If you look back at any significant example of social change, popular culture is very likely to have played a part. Think of that first pre-watershed lesbian kiss on Brookside 20 years ago and the part it will have played in paving the way for equal marriage. The huge impact of Cathy Come Home 50 years ago shifted public attitudes towards those without homes. I grew up with Rock Against Racism and the first LiveAid concert. Sometimes today I tune in to The Archers, which always seems to be tackling another tough social issue.
Sue TibballsWe need better partnerships with the arts
Over the Christmas break, pay proper attention to the care and maintenance of your campaign’s most valuable asset – YOU. Holiday indulgence is inevitable, but why not feed your mind as well as your body? Here’s our very own Christmas hamper of social change goodies.
SMK TeamA little bit of ‘you-time’ could be what your campaign needs
We are hosting detailed discussions on each of our ten ‘burning issues’ to explore some of the big questions around these issues, and gather different perspectives from across civil society. One of these issues is Governance and Leadership.
Rachel CainThe Social Change Project: Governance Models and Social Change
Over the past year, I’ve been researching how popular culture can be a driver for social change in the UK. Ever since I started working on this subject there have been endless questions buzzing around my head: How do cultural movements come about? Who shapes our pop culture in the UK? How can we connect with the people who influence our culture? And how do you even define ‘pop culture’ anyway?!
Alice SachrajdaThe Social Change Project: Creativity and social change: the role of popular culture
For a long time, being part of a sexual and gender minority group was completely associated with being on the margins and creativity was in the DNA of the organisations. There was no blueprint for action, and activists had a strong sense that they could not just replicate what was being done in other fields. Sexual and gender diversities was a topic too contentious for many members of the public, it took creative protest and activism to capture their imaginations.
Joel BedosThe Social Change Project: What does creativity mean for sexual and gender diversities?
Last week The Social Change Project was lucky enough to host a discussion about the role of ethics and values in social change. It was a rich and detailed conversation which has helped us to inform the work of The Social Change Project going forward. I wanted to share with you some key thoughts and questions which came out of it.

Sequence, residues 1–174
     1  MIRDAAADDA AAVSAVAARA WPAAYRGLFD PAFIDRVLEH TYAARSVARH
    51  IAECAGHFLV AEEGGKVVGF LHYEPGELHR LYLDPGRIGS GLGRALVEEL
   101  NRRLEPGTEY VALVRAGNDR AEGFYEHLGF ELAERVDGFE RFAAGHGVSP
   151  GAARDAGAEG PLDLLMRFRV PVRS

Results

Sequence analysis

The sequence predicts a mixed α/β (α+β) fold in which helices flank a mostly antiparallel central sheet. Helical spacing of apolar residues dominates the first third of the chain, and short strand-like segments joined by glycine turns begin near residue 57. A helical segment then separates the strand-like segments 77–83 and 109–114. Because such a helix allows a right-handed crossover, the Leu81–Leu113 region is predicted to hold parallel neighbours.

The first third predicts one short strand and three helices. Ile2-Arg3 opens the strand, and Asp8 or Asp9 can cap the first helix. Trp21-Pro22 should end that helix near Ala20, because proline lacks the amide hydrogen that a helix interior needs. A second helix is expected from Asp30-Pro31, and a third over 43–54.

Rachel NyeThe Social Change Project: Thoughts and Questions on Ethics and Social Change
So the government has announced it will not be making any amendments to the lobbying act. It is to go against the advice of its own review, conducted by Lord Hodgson, against the advice of the House of Lords and despite the significant body of evidence showing the damage this ill-conceived and badly drawn legislation has inflicted on the voluntary sector. Brexit is understood to be the primary reason for not making the amendments.
Sue TibballsYes, it matters that the government is ignoring Hodgson
We all know that campaigning has been going through a bit of a rough patch, with the lobbying act and all. However, I was still taken aback when someone referred to campaigning as the “C” word. A little strong, maybe. However, as I go round the country talking to people as part of the foundation’s Social Change Project, it becomes increasingly clear just how much of a problem language can be.
SMK TeamHow Plato can help us redefine campaigning
In a new report from the innovation foundation Nesta, called We Change the World: How Social Movements Influence Health and Wellbeing, I argue that campaigning is more an art than a science. I point out that there is no fixed model, no curriculum, no rules and no guarantee. Furthermore, I say that campaigning is about reading power and understanding where change might come from.
Sue TibballsThree books signal new interest in social action